I spent some time with a release candidate and decided not to use it. The reasons were a mix of poor documentation and a dislike of the structure it tries to enforce on everything you do. I’m pretty sure the ideas behind it are ok but it just doesn’t feel right yet. In short it didn’t pass the fifteen minute test they put on their website: the documentation keeps telling you how beautiful and useful maven is without actually telling you anything about how it works. Some crucial things are lacking like explaining how these dependencies actually work, where the repository where it magically pulls all these jar files from is, how to set up your own repository, etc.

In the end I prefer the more verbose nature of ant. I have a lot of experience writing ant build files now. I’ve even written a few ant tasks at work. I happen to both like and need its flexibility a lot. I don’t see how maven solves any of the more non trivial stuff I do it (other than allowing me to use ant).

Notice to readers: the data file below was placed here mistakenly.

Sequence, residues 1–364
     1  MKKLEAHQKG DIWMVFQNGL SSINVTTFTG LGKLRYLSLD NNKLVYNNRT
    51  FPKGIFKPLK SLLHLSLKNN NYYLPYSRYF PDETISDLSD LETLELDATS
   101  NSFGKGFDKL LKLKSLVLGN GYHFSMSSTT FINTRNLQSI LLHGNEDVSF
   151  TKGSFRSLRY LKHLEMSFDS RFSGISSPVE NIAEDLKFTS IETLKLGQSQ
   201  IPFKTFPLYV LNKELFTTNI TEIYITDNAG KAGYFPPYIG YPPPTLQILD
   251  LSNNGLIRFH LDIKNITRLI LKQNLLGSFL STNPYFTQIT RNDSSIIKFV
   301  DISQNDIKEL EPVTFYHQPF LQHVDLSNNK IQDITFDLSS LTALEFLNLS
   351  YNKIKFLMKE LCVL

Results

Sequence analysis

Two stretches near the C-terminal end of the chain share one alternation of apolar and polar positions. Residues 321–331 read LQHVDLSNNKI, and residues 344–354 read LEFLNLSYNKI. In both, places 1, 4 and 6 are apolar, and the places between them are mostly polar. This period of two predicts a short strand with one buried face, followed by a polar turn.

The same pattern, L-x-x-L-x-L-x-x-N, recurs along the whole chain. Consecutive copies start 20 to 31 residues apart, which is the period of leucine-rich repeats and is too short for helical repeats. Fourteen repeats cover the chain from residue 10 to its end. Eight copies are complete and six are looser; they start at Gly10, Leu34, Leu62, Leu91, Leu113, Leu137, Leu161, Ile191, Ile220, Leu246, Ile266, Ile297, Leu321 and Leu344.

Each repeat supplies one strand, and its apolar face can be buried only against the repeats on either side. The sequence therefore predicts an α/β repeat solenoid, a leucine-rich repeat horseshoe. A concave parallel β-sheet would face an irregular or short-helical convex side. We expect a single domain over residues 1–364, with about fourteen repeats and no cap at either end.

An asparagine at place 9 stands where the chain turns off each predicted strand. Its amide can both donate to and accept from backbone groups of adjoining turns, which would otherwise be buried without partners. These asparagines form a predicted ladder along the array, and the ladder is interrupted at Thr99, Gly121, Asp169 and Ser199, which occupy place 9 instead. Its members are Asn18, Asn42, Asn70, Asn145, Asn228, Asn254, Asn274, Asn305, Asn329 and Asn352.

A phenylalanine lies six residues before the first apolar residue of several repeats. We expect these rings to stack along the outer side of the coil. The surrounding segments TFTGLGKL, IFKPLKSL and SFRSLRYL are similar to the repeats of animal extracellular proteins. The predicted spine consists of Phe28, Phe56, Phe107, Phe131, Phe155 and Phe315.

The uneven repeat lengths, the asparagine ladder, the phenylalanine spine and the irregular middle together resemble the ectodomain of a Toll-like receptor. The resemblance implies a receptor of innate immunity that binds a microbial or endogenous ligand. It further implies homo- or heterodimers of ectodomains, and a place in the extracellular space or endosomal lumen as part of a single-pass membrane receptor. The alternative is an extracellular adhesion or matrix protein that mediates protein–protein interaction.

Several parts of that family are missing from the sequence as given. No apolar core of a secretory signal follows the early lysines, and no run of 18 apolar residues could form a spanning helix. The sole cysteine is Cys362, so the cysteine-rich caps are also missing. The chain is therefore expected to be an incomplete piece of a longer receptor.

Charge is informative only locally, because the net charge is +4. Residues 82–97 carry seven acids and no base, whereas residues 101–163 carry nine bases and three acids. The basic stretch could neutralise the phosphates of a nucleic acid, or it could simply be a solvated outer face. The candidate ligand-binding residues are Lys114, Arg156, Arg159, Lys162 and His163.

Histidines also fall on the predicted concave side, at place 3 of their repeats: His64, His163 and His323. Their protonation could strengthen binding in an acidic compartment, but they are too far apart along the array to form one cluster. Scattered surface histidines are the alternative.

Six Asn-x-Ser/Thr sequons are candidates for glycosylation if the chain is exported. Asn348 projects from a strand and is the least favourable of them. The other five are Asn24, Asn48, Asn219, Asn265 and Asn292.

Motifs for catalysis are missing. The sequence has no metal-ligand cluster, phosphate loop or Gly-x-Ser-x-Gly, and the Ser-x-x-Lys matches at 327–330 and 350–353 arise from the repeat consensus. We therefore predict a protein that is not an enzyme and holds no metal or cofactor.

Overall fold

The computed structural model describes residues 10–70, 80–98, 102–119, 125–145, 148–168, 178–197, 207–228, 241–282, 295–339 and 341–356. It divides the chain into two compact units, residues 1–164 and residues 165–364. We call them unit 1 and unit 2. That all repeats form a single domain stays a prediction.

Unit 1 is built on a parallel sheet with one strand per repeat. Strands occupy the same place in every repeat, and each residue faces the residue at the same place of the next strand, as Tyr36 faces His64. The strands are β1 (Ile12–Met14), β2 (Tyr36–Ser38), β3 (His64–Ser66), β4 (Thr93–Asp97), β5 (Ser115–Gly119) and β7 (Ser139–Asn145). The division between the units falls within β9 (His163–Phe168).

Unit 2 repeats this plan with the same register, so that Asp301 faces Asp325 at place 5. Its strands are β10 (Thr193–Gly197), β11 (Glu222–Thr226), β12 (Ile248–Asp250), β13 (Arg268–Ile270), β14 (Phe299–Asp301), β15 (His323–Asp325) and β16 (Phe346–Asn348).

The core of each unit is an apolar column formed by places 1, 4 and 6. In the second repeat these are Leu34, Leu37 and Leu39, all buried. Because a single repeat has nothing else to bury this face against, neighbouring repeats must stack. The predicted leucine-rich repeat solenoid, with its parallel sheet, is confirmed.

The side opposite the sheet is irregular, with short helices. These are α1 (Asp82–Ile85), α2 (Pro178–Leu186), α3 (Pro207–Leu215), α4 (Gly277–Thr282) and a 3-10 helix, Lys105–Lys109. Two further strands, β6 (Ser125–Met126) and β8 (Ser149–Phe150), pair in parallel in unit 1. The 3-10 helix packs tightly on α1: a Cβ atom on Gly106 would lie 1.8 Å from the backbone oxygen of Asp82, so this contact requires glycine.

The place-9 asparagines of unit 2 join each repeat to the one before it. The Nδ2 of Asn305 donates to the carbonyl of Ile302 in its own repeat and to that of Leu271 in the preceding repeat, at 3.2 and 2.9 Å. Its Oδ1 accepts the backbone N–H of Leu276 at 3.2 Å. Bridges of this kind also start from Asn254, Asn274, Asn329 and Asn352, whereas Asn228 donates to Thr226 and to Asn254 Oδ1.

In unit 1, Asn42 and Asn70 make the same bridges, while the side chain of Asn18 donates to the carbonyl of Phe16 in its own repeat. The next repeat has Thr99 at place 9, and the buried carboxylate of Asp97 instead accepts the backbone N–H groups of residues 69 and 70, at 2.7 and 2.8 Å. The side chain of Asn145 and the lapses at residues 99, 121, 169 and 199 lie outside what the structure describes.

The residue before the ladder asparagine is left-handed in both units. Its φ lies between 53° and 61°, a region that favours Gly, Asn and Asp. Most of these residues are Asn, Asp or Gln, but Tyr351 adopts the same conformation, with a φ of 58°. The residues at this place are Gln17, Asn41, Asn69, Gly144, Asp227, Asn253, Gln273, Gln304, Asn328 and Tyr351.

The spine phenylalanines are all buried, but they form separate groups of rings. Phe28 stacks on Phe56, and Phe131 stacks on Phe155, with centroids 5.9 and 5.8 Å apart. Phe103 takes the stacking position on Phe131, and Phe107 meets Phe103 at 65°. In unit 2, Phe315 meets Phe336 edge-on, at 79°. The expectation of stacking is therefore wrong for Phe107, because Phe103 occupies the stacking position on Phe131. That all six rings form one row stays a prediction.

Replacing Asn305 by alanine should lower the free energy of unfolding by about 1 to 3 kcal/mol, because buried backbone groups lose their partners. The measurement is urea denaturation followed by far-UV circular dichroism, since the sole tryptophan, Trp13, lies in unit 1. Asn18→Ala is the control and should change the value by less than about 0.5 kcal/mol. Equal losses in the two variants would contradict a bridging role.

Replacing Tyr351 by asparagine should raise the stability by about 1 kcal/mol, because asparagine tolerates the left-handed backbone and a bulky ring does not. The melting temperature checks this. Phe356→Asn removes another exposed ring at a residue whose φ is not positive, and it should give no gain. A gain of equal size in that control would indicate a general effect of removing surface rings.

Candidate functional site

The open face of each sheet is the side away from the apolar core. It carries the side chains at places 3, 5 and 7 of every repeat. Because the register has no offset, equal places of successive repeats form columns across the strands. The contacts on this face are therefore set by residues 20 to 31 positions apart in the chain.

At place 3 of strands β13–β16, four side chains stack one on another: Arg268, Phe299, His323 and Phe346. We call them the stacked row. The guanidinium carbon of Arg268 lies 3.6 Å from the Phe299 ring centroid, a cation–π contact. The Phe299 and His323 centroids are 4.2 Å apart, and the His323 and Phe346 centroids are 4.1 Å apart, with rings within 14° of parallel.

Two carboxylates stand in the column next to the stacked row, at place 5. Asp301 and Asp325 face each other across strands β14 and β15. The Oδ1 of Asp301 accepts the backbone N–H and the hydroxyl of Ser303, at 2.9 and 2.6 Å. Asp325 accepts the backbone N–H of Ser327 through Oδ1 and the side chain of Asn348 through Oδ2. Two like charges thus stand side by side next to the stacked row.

The assumptions maven is based on are IMHO incorrect. First of all it is tool centric, if you don’t structure your projects the way it likes you’ll have lots of trouble trying to get it to do anything useful (that means it won’t be used where I work now or any other place that has an existing, complex project). Secondly it solves a lot of easy stuff that is not really a problem with ant and not much else. Compiling, generating javadoc, etc. is not that hard with ant. In fact, most of the time I reuse the same tasks for that (by importing it). And, finally, maven just adds complexity. I find maven projects hideously complicated in their structure. I’ve seen quite a few maven projects and they all spread their source code over numerous modules in nested directories. I don’t want to structure my projects like that. But the most important thing is that maven doesn’t actually solve any problem I have.

Mysql 5.0